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Reports and interviews2011.8.10

Artist-in-Residence NOW 10 Ceramic Wonderland: Artist Residency in a Pottery Town ”Shigaraki Ceramic Cultural Park”

Michio Sugiyama (Section Chief of the Institute of Ceramic Studies, Shigaraki Ceramic Cultural Park)

As you may know, AIR (artist-in-residence) programs are not original to Japan. I understand them as one of support systems for art, which was introduced from the West. Wikipedia mentions that early residential programs already existed in the US by1900.

Prototypical Artist-in-Residence Programs

Approximately 18 years have passed since Shigaraki Ceramic Cultural Park adopted the imported system of artist residencies in the filed limited to ceramics. When the residency program was first implemented 20 years ago, the program was simply called “taizai-gata kobo” (workshop with residency) instead of “artist-in-residence” program, then. After several different names were applied to the program over the years, the term “artist-in-residence” has gradually taken root in Japan in the late 1990s.
In the rather unique environment of this pottery-manufacturing town, Shigaraki, artist residencies in a broader sense already existed substantially in the mid-1900s.
It is said that in older times, ceramic artists from Kyoto frequented Shigaraki’s yakiya (ceramic manufacturers). The artists would produce molds for products like flower vases for the yakiya, and in return were permitted to use the yakiya’s kilns to produce their own original works. The yakiya and ceramic artists had an informal, yet firm relationship. This system may be also regarded as a prototypical artist residency in the field of ceramics.

Exterior of Shigaraki Ceramic Cultural Park

Strengths of a Pottery-Producing Town

The most prominent advantage of Shigaraki Ceramic Cultural Park in a word is its location in Shigaraki, one of the famous pottery-manufacturing sites in Japan. Having a local pottery industry means that Shigaraki has the following strengths, although it is subject to economic fluctuations:

● Ready and plentiful access to raw materials
● Ready access to various equipments and tools, which can be lent and borrowed
● Ready contact with people in the same profession, at different career levels and with various styles
● Ready contact with people who can provide objective assessments of produced works
● Proximity to a sales network base

I think many Japanese and overseas ceramic artists come to work at Shigaraki Ceramic Cultural Park because of these environmental advantages. In this sense, the Park is inseparable from its local pottery industry.

Acceptance of more than 800 Resident Artists from 48 Countries in Roughly Two Decades since Opening

At any given time, approximately ten Japanese and foreign ceramic artists are producing their works at Shigaraki Ceramic Cultural Park’s Institute of Ceramic Studies. The Park seeks ways to promote networking among artists of different styles and nationalities, and has accepted over 800 ceramic artists from 48 countries since its foundation in 1992, providing the artists with unrestricted creative opportunities at this location of Shigaraki.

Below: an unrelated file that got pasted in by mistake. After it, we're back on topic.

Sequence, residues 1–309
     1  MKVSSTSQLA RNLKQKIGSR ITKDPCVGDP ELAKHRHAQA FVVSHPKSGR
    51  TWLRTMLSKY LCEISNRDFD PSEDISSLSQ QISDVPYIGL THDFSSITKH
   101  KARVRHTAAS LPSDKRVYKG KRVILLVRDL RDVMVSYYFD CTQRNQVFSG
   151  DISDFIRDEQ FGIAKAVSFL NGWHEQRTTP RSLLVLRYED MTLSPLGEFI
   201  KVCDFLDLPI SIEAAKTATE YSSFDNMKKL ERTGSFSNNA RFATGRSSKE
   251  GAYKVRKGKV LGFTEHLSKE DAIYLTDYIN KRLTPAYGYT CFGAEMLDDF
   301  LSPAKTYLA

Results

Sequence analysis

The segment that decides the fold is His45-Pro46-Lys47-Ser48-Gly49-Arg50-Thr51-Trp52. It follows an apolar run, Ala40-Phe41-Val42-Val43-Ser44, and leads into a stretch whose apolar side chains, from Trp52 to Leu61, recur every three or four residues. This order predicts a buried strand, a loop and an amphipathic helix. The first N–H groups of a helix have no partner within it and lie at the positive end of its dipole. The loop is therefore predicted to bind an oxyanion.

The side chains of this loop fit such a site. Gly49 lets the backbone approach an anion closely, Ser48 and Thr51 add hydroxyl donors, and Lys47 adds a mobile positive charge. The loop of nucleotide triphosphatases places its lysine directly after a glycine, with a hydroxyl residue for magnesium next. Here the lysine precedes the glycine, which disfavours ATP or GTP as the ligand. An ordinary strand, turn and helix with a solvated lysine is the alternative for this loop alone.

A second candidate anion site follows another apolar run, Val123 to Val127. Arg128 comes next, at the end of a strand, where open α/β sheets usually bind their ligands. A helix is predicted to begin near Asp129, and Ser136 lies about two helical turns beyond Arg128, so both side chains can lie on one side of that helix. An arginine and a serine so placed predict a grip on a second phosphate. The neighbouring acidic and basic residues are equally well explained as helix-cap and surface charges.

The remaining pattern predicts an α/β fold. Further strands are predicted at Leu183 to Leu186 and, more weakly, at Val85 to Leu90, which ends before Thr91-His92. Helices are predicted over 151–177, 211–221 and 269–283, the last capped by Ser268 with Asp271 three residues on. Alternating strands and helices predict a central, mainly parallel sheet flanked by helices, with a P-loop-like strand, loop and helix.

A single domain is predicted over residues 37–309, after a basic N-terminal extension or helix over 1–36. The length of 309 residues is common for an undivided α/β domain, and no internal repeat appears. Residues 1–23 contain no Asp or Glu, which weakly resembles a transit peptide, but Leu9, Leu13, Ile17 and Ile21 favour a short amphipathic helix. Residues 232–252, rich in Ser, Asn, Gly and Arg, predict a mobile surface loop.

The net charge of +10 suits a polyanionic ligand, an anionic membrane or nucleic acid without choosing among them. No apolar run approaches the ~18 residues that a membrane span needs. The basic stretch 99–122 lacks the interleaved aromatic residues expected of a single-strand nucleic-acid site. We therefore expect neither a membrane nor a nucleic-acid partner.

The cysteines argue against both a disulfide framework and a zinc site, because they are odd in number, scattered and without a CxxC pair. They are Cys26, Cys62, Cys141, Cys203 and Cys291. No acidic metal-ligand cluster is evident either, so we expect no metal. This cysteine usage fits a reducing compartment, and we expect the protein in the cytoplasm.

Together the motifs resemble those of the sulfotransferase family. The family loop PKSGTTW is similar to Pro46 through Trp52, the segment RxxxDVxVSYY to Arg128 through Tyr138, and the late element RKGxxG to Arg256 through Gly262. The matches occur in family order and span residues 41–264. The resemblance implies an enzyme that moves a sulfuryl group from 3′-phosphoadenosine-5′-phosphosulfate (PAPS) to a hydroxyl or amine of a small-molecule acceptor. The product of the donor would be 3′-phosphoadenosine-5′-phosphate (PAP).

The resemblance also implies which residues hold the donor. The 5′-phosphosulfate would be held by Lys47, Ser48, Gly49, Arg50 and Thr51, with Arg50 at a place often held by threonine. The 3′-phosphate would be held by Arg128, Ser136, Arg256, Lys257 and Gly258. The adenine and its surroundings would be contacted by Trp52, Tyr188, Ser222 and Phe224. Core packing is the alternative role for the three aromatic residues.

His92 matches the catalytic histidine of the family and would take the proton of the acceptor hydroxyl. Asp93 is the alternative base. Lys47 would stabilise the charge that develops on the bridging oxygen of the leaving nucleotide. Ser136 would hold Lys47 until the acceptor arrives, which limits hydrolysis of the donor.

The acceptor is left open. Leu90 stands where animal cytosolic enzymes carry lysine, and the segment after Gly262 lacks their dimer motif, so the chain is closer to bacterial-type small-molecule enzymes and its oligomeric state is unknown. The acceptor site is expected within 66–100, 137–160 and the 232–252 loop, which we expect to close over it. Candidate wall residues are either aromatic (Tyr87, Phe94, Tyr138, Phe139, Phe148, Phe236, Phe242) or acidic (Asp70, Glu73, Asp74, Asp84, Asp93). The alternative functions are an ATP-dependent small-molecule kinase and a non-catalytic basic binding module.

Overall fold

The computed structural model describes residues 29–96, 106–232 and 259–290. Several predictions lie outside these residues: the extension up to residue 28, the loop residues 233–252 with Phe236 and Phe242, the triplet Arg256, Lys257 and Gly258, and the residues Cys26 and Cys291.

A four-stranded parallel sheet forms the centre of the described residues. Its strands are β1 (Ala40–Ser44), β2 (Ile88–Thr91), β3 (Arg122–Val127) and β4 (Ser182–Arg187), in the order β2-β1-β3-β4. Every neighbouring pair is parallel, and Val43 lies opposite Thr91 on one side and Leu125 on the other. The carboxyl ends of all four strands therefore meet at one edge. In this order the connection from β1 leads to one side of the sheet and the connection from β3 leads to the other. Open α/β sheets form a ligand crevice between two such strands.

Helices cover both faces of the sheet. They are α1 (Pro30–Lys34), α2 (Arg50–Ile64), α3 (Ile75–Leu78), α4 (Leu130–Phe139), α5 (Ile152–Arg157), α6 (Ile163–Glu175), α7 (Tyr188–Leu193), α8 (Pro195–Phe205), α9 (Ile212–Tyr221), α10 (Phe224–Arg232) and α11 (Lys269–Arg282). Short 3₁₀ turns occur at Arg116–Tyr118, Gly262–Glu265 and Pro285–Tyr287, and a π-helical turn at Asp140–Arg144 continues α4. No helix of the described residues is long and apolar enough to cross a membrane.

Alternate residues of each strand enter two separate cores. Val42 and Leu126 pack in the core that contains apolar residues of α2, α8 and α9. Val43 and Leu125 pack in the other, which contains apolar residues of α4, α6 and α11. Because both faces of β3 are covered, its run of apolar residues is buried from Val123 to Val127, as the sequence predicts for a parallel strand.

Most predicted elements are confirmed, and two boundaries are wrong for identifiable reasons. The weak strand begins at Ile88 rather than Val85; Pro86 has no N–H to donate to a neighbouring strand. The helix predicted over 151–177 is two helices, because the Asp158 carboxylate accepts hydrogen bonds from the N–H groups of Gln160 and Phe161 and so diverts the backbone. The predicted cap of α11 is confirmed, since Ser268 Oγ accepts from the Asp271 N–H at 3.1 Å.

The residency program has roughly two categories. One is for “studio artists,” who go through an application and selection process before staying and working at the Park. The other is for “guest artists,” who are invited by the Park. Since 2008, some of the guest artists have been selected from the public.

Open studio at the Shigaraki Ceramic Cultural Park’s Institute of Ceramic Studies

Nowadays, when we explain the residency program to young artists, we tell them how to make best use of the program.

Firstly, candidates should be certain about what they want to produce at the Park. They should then estimate the production time and cost before making an application. If they have questions or need advice prior to making an application, we encourage them to contact us. Our curators and staff members will be available for consultations.
Artists of diverse nationalities and styles come to the Institute of Ceramic Studies, challenging to create works that represent new departures for them, using equipments that are new to them, in a new environment. The residency provides a rich learning opportunity: with the kiln alone there are numerous types to choose from. It would also be possible, for instance, to fire your own test pieces in a kiln that is being fired by another artist. Clay is a material that has great expressive potentials. It may also be a good idea to experiment with techniques and materials you do not normally use.

One of the features of the artist-in-residence program at our site is that artists can choose their length of stay. The most advisable way to use this opportunity is to do studio work in the most concentrated way possible.

In any case, the most basic principle of the residency program at the Institute of Ceramic Studies is to help artists take their works to a higher level by making full use of the equipments available at the Institute of Ceramic Studies and by interacting with many fellow ceramic artists.

Promotion of the AIR Programs Leads to that of Local Industry

The title “Ceramic Wonderland” means that a pottery-manufacturing town is or should be a “wonderland” to people who come to produce, appreciate, or buy potteries. Naturally, artist-residency programs should be wonderlands, too.
Shigaraki Ceramic Cultural Park believes that promoting its artist-in-residence program will lead to realizing such a ceramic wonderland, which in turn will lead to revitalization of the local pottery industry.

[May, 2011]

Reference: AIR_J>SEARCH>Shigaraki Ceramic Cultural Park Artist-in-Residence Program